Gooden, 40, showed up at the jail warrants facility about 5 p.m., police spokeswoman Laura McElroy said. He had been missing since early Monday, when an officer pulled over his 2004 BMW near downtown Tampa on suspicion of drunken driving.
He twice refused to get out of the car for a field sobriety test, then drove away suddenly, police said.
Gooden, who has a history of substance abuse and currently has a domestic violence charge pending in the court, was booked on a felony charge of fleeing police, and misdemeanor charges of DUI and resisting arrest without violence.
He was being held under a $3,000 bond, a jail spokeswoman said. McElroy said Gooden is scheduled to appear in court Friday morning for a hearing to revoke his bond on the March domestic violence charge.
"We're relieved that he has come forward, and this may be the first step toward him getting the help he needs," McElroy said.
Police looking for Gooden had talked to his attorney, Peter Hobson, on Wednesday about the possibility of Gooden surrendering, but he did not indicate if or when it was going to happen, McElroy said.
Hobson contacted the Hillsborough sheriff's office earlier Thursday and made arrangements for Gooden to surrender, sheriff's spokeswoman Debbie Carter said.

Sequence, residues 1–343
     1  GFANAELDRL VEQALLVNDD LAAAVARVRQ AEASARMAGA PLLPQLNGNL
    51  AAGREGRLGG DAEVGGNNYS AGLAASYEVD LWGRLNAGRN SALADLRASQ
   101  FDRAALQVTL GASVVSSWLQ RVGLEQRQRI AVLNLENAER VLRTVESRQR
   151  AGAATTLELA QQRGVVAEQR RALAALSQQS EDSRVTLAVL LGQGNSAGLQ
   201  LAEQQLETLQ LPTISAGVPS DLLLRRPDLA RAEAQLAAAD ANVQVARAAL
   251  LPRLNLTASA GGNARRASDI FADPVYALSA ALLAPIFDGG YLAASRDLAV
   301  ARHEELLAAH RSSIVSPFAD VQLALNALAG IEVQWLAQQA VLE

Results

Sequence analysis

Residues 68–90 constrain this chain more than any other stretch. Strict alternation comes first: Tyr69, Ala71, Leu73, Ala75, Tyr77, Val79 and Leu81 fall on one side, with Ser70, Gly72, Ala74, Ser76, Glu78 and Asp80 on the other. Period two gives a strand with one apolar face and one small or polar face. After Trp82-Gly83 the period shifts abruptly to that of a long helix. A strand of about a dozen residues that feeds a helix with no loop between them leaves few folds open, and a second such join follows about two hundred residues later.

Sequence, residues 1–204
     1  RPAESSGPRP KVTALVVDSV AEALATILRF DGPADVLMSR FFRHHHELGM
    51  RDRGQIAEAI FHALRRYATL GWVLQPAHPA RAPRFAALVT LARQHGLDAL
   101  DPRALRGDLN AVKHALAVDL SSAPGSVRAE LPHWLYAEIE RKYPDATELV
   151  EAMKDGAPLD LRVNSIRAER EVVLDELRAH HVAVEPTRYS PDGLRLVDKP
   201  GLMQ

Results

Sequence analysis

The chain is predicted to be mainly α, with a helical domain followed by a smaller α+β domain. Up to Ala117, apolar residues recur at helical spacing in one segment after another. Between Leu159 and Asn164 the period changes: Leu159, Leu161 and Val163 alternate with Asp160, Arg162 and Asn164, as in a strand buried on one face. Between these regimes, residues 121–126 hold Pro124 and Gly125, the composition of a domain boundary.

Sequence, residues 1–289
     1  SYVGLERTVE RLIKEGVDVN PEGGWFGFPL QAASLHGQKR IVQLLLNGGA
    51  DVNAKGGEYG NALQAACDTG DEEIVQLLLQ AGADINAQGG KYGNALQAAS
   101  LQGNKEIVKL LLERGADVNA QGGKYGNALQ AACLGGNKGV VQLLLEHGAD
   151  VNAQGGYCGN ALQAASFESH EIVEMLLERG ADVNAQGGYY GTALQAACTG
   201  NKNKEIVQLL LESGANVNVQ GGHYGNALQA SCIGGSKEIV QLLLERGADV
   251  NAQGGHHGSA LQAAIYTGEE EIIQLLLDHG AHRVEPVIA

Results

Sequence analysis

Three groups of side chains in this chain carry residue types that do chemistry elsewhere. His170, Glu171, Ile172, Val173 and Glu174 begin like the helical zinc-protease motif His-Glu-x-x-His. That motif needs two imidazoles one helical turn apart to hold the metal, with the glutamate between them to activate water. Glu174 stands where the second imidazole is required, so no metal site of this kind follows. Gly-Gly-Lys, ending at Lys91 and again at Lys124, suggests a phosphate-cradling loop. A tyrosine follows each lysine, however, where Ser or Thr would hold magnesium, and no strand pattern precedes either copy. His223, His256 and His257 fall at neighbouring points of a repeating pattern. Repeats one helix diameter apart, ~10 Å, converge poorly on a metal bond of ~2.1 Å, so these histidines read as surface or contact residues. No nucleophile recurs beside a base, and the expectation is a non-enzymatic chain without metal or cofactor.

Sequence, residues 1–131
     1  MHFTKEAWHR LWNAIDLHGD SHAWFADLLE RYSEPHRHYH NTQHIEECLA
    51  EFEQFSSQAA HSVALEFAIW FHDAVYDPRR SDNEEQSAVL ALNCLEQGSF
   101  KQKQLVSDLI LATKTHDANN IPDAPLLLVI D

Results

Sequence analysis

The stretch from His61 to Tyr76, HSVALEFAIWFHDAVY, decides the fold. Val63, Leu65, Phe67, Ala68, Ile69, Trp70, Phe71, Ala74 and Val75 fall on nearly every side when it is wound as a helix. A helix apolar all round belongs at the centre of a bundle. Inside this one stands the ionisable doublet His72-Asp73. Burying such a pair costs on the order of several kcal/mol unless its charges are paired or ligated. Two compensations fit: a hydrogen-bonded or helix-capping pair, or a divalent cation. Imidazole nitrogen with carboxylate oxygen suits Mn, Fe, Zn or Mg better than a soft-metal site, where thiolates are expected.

A call to Hobson's Tampa office was not immediately returned.
The 1984 Rookie of the Year and the 1985 NL Cy Young Award winner while with the New York Mets, Gooden went 194-112 with a 3.51 ERA before retiring in 2001. He also pitched for the Yankees, Cleveland Indians, Houston Astros and Tampa Bay Devil Rays.
Gooden was arrested by Tampa police in 2002 on a drunken driving charge, but later pleaded guilty to reckless driving and received a year probation. He was arrested in March and charged with hitting his live-in girlfriend in the face during an argument.
During his playing days, Gooden was suspended for 60 days in 1994 for testing positive for cocaine while with the Mets. He tested positive for cocaine again while on suspension and was sidelined for the 1995 season.
He recently worked for the Yankees as a special adviser but quit in April.